Mandatory declaration of use after 3 years of registration and other important changes in Mexico’s trademark law


Substantial amendments to the Mexican Trademark Law (MTL) came recently into force.

They represent the biggest change to the MTL after the 1994 reform produced as a result of the entry into force of the North American Free Trade Agreement (NAFTA).

By introducing modern forms of protection, the new legal framework will strengthen Mexico’s industrial property system and ensure greater legal certainty to trademark owners.

The most relevant changes, which will affect both national applications and international applications filed through the Madrid Protocol, are as follows:


  • Use declaration under oath A declaration of actual and effective use will be required three years after registration. The lack of submission of such a declaration will be a cause of abandonment of the trademark. A declaration will also be required at the time of renewal.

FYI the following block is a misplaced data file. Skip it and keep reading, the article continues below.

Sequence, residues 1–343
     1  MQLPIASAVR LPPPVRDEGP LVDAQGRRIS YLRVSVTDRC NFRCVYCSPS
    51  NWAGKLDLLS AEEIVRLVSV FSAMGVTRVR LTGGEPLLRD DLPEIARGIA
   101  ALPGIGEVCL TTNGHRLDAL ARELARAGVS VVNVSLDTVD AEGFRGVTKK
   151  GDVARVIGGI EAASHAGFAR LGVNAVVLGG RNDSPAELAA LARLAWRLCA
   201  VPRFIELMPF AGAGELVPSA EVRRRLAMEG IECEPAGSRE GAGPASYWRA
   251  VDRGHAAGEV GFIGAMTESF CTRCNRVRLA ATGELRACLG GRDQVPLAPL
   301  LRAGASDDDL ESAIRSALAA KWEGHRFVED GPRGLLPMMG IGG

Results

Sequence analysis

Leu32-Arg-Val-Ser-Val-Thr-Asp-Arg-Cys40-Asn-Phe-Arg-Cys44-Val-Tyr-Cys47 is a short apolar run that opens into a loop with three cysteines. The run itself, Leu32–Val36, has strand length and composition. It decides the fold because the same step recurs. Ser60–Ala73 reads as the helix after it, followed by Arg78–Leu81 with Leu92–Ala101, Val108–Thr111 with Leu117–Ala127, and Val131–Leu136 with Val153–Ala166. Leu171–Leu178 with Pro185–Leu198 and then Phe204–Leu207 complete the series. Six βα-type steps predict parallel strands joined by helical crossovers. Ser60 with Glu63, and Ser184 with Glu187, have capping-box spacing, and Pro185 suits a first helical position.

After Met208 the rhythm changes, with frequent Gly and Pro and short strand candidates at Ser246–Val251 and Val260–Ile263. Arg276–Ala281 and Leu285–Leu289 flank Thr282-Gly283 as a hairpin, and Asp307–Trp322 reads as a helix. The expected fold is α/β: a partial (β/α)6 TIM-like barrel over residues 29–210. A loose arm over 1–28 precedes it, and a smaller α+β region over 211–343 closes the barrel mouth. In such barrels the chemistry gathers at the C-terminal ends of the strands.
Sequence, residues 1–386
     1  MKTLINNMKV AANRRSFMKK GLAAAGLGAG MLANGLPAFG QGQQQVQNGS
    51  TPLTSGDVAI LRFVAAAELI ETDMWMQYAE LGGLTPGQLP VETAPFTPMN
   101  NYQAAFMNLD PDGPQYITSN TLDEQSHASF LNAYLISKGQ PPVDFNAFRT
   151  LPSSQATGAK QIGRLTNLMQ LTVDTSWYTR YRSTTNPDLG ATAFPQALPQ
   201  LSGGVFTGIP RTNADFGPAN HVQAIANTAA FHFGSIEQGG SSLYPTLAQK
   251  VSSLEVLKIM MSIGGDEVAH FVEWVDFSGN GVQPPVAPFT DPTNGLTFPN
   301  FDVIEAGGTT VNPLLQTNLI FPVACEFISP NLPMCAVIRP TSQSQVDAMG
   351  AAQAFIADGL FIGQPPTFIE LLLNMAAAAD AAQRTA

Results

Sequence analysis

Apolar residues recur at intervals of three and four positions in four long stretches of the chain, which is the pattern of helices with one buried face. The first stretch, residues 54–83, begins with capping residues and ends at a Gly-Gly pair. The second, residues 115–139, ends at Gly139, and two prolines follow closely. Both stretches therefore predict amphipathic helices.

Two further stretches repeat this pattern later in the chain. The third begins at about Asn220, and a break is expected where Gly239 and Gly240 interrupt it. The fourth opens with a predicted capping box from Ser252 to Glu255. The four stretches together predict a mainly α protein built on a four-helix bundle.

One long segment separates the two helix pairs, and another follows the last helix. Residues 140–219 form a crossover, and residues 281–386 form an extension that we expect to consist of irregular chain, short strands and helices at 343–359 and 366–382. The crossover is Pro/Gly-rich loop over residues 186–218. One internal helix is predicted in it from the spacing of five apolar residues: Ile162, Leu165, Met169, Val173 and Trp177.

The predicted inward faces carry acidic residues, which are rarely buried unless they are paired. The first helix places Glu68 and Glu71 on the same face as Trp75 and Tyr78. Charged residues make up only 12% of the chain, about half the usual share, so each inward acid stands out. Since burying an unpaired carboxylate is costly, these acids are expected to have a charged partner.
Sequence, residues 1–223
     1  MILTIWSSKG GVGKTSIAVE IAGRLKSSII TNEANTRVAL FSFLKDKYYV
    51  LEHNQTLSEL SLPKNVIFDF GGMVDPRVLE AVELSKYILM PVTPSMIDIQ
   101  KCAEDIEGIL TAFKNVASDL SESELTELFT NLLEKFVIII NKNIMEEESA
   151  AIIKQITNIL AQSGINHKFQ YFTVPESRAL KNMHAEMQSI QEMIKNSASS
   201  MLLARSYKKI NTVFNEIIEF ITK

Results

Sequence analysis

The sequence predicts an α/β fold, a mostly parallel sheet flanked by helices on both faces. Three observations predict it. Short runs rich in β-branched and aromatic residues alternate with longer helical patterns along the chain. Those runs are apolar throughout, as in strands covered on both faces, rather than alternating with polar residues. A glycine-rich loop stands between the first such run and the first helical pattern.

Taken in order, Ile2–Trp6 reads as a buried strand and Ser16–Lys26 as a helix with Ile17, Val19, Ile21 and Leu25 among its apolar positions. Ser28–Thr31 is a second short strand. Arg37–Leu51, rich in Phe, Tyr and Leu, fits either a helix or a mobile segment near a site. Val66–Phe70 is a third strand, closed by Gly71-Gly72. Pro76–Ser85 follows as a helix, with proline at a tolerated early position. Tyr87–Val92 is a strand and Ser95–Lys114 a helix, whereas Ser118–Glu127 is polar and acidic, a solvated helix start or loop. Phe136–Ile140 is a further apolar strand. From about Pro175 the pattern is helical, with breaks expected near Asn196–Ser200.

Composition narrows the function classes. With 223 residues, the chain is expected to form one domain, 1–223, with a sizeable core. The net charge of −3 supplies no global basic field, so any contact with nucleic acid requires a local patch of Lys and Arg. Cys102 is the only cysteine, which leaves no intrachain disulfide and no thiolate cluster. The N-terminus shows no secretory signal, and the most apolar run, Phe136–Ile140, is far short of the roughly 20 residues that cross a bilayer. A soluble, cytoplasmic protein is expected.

• No defensive marks Renewal of trademark registrations in certain classes will no longer be possible based on the use made of the same mark registered in other classes.
  • Sound and olfactory marks The definition of trademark has been modified in order to include protection to the so called non-traditional trademarks, such as sound and olfactory marks. Protection of holograms is also foreseen.
  • Trade dress Protection of trade dress is now possible through trademark registration.
  • Acquired distinctiveness A descriptive or generic mark may be successfully registered if its owner can prove that it has acquired distinctiveness through use.
  • Certification marks In line with the EU legislation, protection of certification marks is now possible.
  • Class headings From now on, it will be necessary to clearly indicate the goods and services for which the trademark will be used. Class headings are no longer allowed.
  • Letters of consents and coexistence agreements They are now allowed to overcome prior rights (with the exception of cases of double-identity).
  • Bad faith It has been included as a ground for opposition and invalidation.
  • Binding oppositions With the aim of providing more legal certainty to trademark owners, oppositions will become binding for the Mexican Trademark Office (IMPI), which means that it will have to render grounded and justified decisions based on the merits of each case.


By Len Hernández, Trademark & Design Attorney at GEVERS